In many cases, when homeowners are facing foreclosure, they feel like they have little or no options available to them. In many situations, however, this is not the case. For example, a short sale can be much more attractive to homeowner versus the property going to foreclosure. Despite this fact, many banks do not let the homeowner know that a short sale is an option.
Whether you are the homeowner or buyer, there are and disadvantages and advantages associated with both the foreclosure and short sales. To ensure the best outcome in your specific situation, you need to learn and understand the between the two options. Make sure you are able to make an informed decision.
A foreclosure is when the bank or mortgage company repossesses a home when the homeowners are not able to make the mortgage payments. Since the property is pledged as collateral for the mortgage loan, the bank has the right to foreclose on the property in an attempt to recover the amount that was loaned, plus any applicable fees and costs. After the property has been foreclosed, the bank takes ownership of the property and will look to resell the property as quickly as possible. If the homeowners have not vacated the property, the bank will go through the eviction process. Once the property has been vacated, the bank will typically complete any necessary repairs and list the property for sale with a realtor. After the foreclosure, the lender will report it to all the credit agencies. This will have a significant negative impact on the homeowners’ ability to borrow money again, until he or she has rebuilt their credit. This can take several years or longer. Since foreclosure process varies by state, you should research your state’s process. Here here is a link that will provide you more detailed information on your specific state foreclosure laws.
With a short sale, the property is sold before the foreclosure takes place and it is typically sold for less than the amount that is owed on the property. The amount owed will include the principal amount, plus any past dues payments and fees. Since many properties are in this type of situation (i.e., the amount owed is more than the proceeds from a potential sale), a short sale can benefit both homeowners and lien holders. A short sale can often avoid the long drawn out process of foreclosure and the resulting increase in fees and costs. This type of sale usually requires the lien holders to agree to accept less that the total amount owed to repay their liens. The process can be complicated since there are often multiple lien holders who all need to agree to take less than is owed. Whether you are the homeowners or the buyers, it is critical to work with an experienced investor who thoroughly understands the process to ensure that a short sale is negotiated successfully.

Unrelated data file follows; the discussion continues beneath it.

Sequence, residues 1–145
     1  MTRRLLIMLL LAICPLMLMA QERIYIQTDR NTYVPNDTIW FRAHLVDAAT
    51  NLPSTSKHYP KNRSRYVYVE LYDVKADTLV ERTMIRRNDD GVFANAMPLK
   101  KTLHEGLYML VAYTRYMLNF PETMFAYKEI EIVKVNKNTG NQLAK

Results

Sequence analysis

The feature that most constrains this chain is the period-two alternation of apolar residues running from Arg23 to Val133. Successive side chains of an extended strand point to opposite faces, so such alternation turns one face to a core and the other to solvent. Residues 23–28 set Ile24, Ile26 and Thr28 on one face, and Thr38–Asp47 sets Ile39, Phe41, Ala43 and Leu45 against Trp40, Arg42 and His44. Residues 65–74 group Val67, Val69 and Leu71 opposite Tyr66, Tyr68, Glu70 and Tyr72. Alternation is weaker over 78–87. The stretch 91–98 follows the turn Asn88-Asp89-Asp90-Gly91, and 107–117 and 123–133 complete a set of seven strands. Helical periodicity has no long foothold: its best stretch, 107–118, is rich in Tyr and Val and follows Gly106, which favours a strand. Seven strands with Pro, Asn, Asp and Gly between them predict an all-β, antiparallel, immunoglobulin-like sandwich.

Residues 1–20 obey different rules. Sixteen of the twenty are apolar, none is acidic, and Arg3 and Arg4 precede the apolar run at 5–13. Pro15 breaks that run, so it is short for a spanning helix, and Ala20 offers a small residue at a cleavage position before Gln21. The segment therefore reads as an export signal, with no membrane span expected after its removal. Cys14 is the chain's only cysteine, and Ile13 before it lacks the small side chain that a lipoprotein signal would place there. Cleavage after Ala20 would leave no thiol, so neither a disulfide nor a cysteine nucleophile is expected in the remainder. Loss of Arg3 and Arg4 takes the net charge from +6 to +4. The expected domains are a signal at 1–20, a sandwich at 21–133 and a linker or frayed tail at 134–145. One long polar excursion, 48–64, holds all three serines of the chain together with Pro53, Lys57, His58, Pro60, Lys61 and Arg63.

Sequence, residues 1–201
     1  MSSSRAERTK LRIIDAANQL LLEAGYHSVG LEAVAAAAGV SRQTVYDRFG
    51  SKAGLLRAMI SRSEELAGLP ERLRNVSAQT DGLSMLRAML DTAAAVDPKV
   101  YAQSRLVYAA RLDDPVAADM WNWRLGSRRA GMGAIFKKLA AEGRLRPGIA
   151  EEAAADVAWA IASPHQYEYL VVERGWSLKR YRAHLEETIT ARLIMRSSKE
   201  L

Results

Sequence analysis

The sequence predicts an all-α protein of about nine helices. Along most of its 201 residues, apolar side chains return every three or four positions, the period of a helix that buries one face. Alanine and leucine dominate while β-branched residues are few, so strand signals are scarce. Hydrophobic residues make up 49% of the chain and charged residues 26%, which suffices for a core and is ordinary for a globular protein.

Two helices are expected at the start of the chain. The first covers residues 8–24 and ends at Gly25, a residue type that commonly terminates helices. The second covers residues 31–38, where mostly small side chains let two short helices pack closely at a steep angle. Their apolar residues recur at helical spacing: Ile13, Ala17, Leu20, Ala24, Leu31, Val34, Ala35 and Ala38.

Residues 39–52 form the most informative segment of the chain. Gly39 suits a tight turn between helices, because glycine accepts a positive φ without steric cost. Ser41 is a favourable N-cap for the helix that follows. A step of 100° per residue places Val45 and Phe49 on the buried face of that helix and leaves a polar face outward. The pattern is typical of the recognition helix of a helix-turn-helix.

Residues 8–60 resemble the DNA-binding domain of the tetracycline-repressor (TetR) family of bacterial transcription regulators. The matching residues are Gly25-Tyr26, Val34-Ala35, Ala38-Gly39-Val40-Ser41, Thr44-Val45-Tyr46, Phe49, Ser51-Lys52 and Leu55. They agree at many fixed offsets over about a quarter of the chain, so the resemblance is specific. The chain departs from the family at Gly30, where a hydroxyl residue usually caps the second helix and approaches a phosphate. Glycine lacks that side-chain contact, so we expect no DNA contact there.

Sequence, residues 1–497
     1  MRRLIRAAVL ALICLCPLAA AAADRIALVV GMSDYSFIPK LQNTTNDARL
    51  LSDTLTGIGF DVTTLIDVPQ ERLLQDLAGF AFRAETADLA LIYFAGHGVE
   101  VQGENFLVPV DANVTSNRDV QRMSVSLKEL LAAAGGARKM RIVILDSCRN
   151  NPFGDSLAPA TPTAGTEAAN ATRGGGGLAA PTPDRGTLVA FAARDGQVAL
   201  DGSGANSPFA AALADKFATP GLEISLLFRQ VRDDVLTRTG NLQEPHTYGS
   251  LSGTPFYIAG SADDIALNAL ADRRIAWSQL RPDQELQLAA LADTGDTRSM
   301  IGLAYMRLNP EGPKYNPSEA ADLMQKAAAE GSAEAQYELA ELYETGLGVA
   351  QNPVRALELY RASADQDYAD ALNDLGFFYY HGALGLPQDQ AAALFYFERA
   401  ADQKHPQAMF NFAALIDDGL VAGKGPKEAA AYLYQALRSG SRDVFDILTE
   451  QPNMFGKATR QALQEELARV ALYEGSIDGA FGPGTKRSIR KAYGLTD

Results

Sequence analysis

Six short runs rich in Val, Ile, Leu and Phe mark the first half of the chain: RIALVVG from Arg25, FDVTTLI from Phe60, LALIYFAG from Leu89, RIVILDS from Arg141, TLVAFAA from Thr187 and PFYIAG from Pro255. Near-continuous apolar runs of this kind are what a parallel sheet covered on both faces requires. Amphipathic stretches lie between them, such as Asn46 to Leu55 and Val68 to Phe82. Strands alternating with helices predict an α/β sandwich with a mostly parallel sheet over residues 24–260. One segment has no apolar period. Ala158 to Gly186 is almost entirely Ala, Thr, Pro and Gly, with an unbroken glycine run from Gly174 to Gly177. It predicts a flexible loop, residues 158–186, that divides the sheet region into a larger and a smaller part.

Foreclosure vs. Short Sale
While both foreclosures and short sales usually have negative impacts, a short sale has less of an impact on the borrowers’ credit score and worthiness. A foreclosure may impact borrowers’ credit scores by 250 to 300 points, while short sales may only impact borrowers’ credit scores by about 100 points. Typically, borrowers who experience foreclosures will not qualify to purchase another home for 4-7 years with a traditional mortgage. On the other hand, borrowers who experience short sales may qualify to purchase within a year or less. As people have struggled with the sluggish U.S. economy, many are facing financing hardships and often are not able to make their monthly mortgage payments. When choosing between foreclosure and completing a short sale, borrowers should make sure they understand all their options. Working with an experienced local real estate investor, like RVA Home Buyers, can be crucial in minimizing the overall negative impact of the hardships on borrowers.
Options When Facing Difficulties
If you are facing difficulties paying your mortgage, here are options you should pursue as soon as possible:
- Contact your lender to discuss ways that they can help borrowers.In certain situations, lenders will renegotiate some terms of the loan (e.g., interest rate, payment amount), fees) or they may allow borrowers to repay over a longer period of time.
- Ask your lender about a short sale or other programs they offer to help borrowers.With a short sale or other programs, they may forgive or reduce the amount of past due amounts and fees.
- Sell your house fast. Some lenders will show very little interest in working with borrowers. If this is the case, your best option will most likely be to quickly and usually to an experienced investor.
- Allow the house to go to foreclosure. This should be your last option and should be avoided if at all possible. As explained above, this will have a significant negative impact on your credit and ability to buy (or even rent) a home for years. A short sale is almost always better than allowing your home to go to foreclosure.
The four options listed above may seem intimidating to many borrowers since they usually have little or no previous experience dealing with this situation. If this is the case, borrowers are much better off working with an experience local real estate investor who has substantial experience working with homeowners and lenders in foreclosure situations. In Richmond, VA, contact an investor who has over 17 years of experience working with homeowners in distressed situations: